Hydrangin is extracted from roots and rhizomes, not from the flowers.


That's nice, but what's the actual coloring matter in the flowers? Do you know the name of it?

EDIT: Nevermind, it's the 3-glucoside of delphinidin.

Taking a look at
http://www.botanical-online.com/alcaloideshortensiaangles.ht...
it mentions hydrangin and then says "Active parts: The whole plant."

At http://www.ces.ncsu.edu/depts/hort/consumer/poison/Hydrasp.h...
it says bark, leaves and flower buds are the poisonous parts.


Nearly every web source says hydrangin (umbelliferone) is a cyanogenic glucoside. They must be confusing it with something else. They keep regurgitating the same 1 or 2 primary sources, vague to begin with. There is nothing in the structure that suggests HCN on hydrolysis. Its glucoside, skimmin, also has no CN group.

EDIT 2: Oh, I also found out why the pH behavior seems to be reversed... it's because of Al complexing, with the Al being mobilized more at acidic pH.

[Edited on 18-6-2007 by Pyridinium]
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not_important
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[*] posted on 18-6-2007 at 15:27


You might also want to look at these

[Edited on 18-6-2007 by not_important]

Attachment: Hydrangea Flower Color M350404038e.pdf (252kB)
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not_important
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[*] posted on 18-6-2007 at 15:30


argh - wrong bbs software

Attachment: Hydrangea Flower Color 98005.pdf (306kB)
This file has been downloaded 537 times

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[*] posted on 18-6-2007 at 16:03


I have posted the original paper here (which is cited frequently in the superficial literature). I do not read in it, so far, any indication that the isolated compound was a cyanogenic glycoside (it was treated with HCl, and I am sure it would have been noted and tested via prussian blue) like Laetrile (which yields HCN on acidic hydrolysis).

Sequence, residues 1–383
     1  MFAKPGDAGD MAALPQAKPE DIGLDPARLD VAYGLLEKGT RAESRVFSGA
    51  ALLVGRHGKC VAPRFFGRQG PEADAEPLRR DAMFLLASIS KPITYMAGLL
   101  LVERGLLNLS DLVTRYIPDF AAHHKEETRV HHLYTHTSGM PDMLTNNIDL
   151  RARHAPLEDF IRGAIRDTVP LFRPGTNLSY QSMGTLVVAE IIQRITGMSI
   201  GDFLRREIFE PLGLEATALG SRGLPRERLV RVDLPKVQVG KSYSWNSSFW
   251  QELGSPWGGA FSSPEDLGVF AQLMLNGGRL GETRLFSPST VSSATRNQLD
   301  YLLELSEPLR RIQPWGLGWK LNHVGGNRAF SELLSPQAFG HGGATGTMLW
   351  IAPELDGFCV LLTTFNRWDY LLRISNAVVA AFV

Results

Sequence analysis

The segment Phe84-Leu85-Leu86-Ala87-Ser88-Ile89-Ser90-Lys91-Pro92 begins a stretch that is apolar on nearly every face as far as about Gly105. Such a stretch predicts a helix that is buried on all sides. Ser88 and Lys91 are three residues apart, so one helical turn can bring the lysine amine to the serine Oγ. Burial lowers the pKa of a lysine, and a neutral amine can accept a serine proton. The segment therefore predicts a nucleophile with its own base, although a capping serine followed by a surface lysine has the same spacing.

It also appears that Al in the soil is required and the pH determines the amount of free Al that can be taken up. I know that most anthocyanines and bioflavanoids are also very sensitive to Fe (complexes which serve as nice indicators).

Any references to Al or Fe with regards to color at various pH?

Cheers,

O3

Attachment: hydrangin_01.pdf (30kB)
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[*] posted on 18-6-2007 at 16:24


Tangentially, calmagite complexes with Ca and Mg ions, giving the same color change (pink when complexed, blue when free, as I recall).

Tim




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Ozone
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[*] posted on 18-6-2007 at 19:40


Not exactly,

A bit about hardness (water) testing is given here:

http://chemmovies.unl.edu/chemistry/smallscale/SS051c.html

cheers,

O3




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[*] posted on 18-6-2007 at 21:18


Quote:
Originally posted by Ozone
I have posted the original paper here (which is cited frequently in the superficial literature). I do not read in it, so far, any indication that the isolated compound was a cyanogenic glycoside

...

Any references to Al or Fe with regards to color at various pH?


This is puzzling. I haven't been able to find any picture of the structure of this "cyanogenic glucoside" that all those web sites are talking about. One or two of them mentioned a similarity to amygdalin, but you can tell from looking at the amygdalin structure that it has the potential to give HCN. Of course, so does cyanocobalamin, but it's used in such small amounts...

I wish we could get that paper from 1909, I bet it would have some info on the pH dependency of Al or Fe colors w/ anthocyanins.
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[*] posted on 19-6-2007 at 09:18


Quote:
Originally posted by Mr. Wizard